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Immersion heater thermal cut out how to know if installed?

Discussion in 'Plumbing and Central Heating' started by ericmark, 21 Oct 2021.

  1. ericmark

    ericmark

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    This thread brought up the question.

    This upload_2021-10-21_10-48-43.png is given as an example of not having a thermal cut out, and it can be built into the thermostat upload_2021-10-21_10-50-0.png or independent and it is clear enough when either is used if in the case of the thermostat there is a reset button, but in this case upload_2021-10-21_10-52-33.png it is not reset-able so other than the part number nothing to show if it has a thermal cut out or not, there is an issue asking anyone to remove the cover on the immersion heater to check however the chances are if is does not have a thermal cut out there will be no part number which will produce results with internet hunt.

    Since you can have an independent cut out, which is better when using solid fuel as common to need to reset, so want it so it can be reset without removing cover, I assume you can still get thermostats without it built in?

    So how can the home owner safely find out if his system is safe? Clearly if in the loft the tank is steel or thermal setting plastic he is OK, it is only the thermal plastic tanks which are a problem, can't understand why still permitted?

    But how does the home owner find if he is safe, I know I am as the cut out tripped and I had to reset, but if no reset button found, how do you know? Is there a list of part number or something?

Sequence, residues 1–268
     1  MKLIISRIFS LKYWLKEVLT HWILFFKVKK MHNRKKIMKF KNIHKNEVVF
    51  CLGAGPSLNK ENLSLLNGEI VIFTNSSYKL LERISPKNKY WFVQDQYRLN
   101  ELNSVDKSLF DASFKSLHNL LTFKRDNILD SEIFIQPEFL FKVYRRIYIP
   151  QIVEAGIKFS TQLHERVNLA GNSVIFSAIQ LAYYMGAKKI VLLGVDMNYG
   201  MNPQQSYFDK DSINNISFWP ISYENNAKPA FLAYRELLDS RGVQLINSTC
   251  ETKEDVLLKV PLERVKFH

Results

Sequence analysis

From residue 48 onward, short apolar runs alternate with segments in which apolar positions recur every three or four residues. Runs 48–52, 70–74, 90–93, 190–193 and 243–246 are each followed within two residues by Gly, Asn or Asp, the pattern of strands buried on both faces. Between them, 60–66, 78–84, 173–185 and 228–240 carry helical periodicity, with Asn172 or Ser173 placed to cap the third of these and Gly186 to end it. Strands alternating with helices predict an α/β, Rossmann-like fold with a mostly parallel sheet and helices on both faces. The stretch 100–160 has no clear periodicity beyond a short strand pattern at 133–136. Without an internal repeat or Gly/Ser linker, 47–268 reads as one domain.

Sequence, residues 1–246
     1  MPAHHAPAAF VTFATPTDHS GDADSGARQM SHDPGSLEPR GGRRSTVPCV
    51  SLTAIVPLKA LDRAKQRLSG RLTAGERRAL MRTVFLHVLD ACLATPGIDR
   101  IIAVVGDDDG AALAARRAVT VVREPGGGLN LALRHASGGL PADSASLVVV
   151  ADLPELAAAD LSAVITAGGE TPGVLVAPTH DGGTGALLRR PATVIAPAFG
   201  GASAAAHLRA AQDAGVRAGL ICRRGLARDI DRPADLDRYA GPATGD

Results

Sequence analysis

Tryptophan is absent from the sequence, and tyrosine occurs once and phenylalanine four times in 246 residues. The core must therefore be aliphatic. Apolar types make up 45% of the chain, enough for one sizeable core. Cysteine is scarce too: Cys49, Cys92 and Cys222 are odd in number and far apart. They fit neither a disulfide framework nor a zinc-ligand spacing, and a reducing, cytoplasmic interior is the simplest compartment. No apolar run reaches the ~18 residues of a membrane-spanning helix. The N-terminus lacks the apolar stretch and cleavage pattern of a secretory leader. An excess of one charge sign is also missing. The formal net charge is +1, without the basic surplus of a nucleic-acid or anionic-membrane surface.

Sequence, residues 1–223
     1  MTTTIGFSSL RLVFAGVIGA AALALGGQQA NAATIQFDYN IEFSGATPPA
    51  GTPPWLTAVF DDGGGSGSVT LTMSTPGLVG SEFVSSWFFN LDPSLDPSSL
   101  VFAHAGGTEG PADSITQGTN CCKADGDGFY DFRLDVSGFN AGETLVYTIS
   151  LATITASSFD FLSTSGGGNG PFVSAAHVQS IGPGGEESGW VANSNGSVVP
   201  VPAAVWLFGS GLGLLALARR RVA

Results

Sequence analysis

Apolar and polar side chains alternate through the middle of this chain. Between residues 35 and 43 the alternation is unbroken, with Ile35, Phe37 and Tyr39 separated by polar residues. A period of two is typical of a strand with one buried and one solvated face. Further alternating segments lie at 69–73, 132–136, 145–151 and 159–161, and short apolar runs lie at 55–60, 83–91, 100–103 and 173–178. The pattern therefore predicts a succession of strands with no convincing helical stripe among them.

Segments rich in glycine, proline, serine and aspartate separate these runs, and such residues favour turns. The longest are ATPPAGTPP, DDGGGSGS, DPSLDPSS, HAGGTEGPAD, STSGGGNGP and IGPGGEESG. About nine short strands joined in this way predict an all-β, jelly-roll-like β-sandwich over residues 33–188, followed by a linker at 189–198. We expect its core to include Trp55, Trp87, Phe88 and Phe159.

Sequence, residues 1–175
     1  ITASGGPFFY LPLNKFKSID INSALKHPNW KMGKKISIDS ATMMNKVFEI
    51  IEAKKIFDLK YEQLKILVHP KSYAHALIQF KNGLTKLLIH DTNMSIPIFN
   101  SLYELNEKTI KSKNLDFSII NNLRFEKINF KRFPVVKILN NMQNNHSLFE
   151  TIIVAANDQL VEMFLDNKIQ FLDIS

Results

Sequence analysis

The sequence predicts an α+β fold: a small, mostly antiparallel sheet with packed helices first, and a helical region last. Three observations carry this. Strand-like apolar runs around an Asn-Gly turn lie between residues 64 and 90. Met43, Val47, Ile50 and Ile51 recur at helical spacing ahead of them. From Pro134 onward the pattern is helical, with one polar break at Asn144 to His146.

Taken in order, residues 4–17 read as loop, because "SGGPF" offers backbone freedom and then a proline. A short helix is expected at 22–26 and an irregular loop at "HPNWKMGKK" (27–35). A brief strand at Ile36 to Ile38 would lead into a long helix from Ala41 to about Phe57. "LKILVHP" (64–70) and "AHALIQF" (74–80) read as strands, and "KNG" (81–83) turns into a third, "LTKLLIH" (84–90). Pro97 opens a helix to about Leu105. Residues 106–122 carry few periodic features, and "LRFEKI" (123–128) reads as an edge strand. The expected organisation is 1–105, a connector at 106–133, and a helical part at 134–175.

2. ianmcd

    ianmcd

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    What has an immersion O/H cut out got to do with solid fuel ?
     
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  4. ericmark

    ericmark

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    With gas, liquid or electric power the unit can be easy switched off with a thermostat.

    But with solid fuel even racking out the fire it can still go over temperature and thermostats may increase or decrease output but unless burning at set rate it will often produce particular emissions if using non processed fuel like wood or coal, so only way to stop over heating is to dump hot water.

    The chances of over heating when baking cakes is high, as it is oven temperature which is important.

    It does not matter what heat source heats the water, if it exceeds the limit the cut out will open, even if no electrical fault, so only if only heating is electric should a non reset-able cut out be used.

    However the question is not if reset-able or non-reset-able should be used, it is how one can identify is there is a cut out if no reset button can be seen?
     
  5. ianmcd

    ianmcd

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    Absolute drivel even for you, a solid fuel appliance heating HW requires a pipe Thermostat that activates a pump, and pumps the excess heat to a heat dump, usually rads but can be others, an O/H stat on a solid fuel appliance is as much use as a chocolate fireguard
     
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  7. ericmark

    ericmark

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    Not with C Plan, no pump, on my dad's system or auto dump.
     
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